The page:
For a woman who might hide behind her prominence, Franks writes with great transparency and slips with ease into self-disclosure that most of us would save, ahem, for the hush-hush murmur and hum of a therapy session. "Why had I fallen in love with a man who doled out his comfort sparingly?" she asks. "The answer was obvious. We marry our fathers." Her dad came back from World War II "broken, full of secrets," emotionally absent, and alcoholic. The ache of his absence translated into spiritual pain for Frank: "I had lost interest in Jesus," who "knew my suffering and had refused to help." But after years of agnosticism, she regained belief through a reconciled relationship with her dying father. She writes,

My earlier passion for Jesus Christ … rose up from the weakness of my faith. He had been buried deep within me, much as my father had. When Dad finally became real, almost sacred to me, so God did in a way he never had before.

While Franks has rekindled the Christian faith of her youth, Morgenthau, a German Jew, remains wary of God. His lost faith hovers at the edge of their otherwise transparent marriage. "Please, for once, tell me what you believe in," Franks pleads with him. He deflects the question. She persists: "It's because of the Holocaust, isn't it?" Over the span of their marriage, Franks sees in her husband what he doesn't yet see in himself, namely, that his life's work—defending the tired, the poor, the huddled masses—betrays a dormant theism. He believes in justice. And he seems to yearn for the God of justice, too.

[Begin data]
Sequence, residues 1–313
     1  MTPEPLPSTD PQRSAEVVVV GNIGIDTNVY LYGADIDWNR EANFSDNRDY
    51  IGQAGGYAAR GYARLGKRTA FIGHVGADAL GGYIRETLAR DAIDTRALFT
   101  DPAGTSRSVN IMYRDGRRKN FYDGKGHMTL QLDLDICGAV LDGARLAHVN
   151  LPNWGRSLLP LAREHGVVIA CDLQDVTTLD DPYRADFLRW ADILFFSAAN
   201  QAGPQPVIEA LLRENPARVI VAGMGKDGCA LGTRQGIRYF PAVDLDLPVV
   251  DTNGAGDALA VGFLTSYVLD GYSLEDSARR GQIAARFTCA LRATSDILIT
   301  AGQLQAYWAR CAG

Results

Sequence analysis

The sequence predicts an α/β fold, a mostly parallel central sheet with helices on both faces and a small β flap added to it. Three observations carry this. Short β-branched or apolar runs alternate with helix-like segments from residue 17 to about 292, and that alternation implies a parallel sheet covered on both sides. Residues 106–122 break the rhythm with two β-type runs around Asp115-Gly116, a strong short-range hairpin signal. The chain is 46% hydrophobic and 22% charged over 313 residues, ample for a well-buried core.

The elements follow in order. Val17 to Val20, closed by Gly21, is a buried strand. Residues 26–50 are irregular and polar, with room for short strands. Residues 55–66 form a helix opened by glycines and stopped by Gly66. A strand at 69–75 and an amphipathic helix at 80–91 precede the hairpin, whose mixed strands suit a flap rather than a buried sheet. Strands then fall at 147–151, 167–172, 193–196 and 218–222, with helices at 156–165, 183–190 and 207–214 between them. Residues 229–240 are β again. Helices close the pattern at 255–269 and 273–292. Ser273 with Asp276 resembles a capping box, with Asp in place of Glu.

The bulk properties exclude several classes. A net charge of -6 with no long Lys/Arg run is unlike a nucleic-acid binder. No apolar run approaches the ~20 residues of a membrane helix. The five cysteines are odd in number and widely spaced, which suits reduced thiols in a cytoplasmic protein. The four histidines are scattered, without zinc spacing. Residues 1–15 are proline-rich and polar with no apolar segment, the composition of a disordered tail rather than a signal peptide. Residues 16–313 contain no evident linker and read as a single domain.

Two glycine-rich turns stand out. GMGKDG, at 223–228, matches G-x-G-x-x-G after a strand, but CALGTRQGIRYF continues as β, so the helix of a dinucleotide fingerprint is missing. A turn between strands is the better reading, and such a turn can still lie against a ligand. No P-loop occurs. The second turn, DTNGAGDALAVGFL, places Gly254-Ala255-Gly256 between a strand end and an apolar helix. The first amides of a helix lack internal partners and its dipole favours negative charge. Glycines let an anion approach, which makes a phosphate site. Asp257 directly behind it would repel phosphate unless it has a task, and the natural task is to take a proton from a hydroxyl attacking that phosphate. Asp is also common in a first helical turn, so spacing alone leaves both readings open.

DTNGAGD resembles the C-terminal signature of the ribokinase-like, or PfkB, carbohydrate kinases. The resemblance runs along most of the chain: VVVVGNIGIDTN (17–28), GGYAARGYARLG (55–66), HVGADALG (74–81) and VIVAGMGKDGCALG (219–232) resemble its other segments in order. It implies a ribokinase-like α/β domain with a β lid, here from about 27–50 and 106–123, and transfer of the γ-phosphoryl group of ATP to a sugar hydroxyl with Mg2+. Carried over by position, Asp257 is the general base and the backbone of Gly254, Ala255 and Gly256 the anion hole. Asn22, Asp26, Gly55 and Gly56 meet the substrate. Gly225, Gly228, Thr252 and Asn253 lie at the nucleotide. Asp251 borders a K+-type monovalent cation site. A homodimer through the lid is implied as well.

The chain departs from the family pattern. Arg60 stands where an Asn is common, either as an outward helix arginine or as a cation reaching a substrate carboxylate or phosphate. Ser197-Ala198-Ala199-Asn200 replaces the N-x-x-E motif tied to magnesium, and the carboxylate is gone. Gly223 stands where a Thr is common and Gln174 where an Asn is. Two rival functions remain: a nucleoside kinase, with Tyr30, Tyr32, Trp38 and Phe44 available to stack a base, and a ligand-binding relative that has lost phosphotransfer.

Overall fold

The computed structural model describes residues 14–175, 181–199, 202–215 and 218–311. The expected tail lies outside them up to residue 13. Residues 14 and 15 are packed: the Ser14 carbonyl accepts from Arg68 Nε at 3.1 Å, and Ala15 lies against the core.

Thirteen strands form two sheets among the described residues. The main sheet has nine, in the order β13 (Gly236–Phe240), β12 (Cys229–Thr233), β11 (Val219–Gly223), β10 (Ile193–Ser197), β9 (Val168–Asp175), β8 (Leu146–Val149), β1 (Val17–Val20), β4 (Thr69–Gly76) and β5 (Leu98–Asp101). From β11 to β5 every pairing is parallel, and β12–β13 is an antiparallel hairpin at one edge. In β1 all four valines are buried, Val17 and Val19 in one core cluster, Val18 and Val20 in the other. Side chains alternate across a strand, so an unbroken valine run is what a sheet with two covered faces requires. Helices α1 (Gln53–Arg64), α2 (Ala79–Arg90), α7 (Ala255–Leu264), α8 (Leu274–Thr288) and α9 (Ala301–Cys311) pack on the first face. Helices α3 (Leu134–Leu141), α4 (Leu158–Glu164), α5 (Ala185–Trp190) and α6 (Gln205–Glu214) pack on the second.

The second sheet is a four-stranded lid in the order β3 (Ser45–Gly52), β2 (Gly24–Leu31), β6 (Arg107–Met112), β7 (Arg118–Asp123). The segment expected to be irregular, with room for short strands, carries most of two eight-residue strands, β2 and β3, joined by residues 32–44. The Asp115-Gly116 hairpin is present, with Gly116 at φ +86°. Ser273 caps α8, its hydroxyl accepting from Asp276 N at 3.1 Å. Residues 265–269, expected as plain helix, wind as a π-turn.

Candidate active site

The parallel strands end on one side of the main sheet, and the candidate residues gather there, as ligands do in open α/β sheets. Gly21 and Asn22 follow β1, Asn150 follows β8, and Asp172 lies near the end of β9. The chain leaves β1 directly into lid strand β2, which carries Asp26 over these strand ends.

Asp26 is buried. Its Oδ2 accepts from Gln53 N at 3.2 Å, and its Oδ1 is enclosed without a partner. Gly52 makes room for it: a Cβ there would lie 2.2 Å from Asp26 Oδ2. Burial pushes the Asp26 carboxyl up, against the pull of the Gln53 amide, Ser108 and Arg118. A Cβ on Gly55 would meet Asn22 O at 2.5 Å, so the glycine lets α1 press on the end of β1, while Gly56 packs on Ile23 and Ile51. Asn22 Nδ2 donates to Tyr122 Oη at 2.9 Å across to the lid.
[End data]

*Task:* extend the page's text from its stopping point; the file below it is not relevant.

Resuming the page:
As a reader, I found myself drawn to this memoir for the same reason that I'm drawn to a Vanity Fair profile on the mental health of Jackie Kennedy Onassis—I want to know that famous people are flawed and human. The man who strides out the door as district attorney is the same man who drools on his pillow and has nightmares; the woman who wins a Pulitzer for her reporting is the same woman who suffers from chronic insecurities about her self-worth. Yes, the book has defects. It reads at times like a journal. Certain figures (including Franks' kids) feel extraneous. The narrative needs a corset. Even so, there are insights worth waiting for, and the fallout of family lineage is one of them.

For both Morgenthau and Franks, their familial pain—an absent father for her, the Holocaust for him—affects their ability to lay claim to the lineage of faith. Morgenthau, in particular—as someone who is leery of religion but still plagued by longing—seems to epitomize the fate of belief in a secular age.

This yearning for faith plays out in one particularly poignant story. After being granted special permission by Israel, Franks and Morgenthau climb Mount Sinai before it's given over to Egypt. They stand together at the pinnacle of the mountain, searching the far horizon for the Red Sea. Franks takes Morgenthau's hand: "His eyes are welling up." He says to her, then, "Do you remember when Moses asks God his name? God replies, 'I am who I am.'" As Morgenthau stares out into the distance of the Sinai desert, he seems to name two deep, simultaneous needs that hound their lives: a homeland for himself, the Diaspora Jew, and a Father for them both.

Andrea Palpant Dilley is the author of Faith and Other Flat Tires: Searching for God on the Rough Road of Doubt (Zondervan).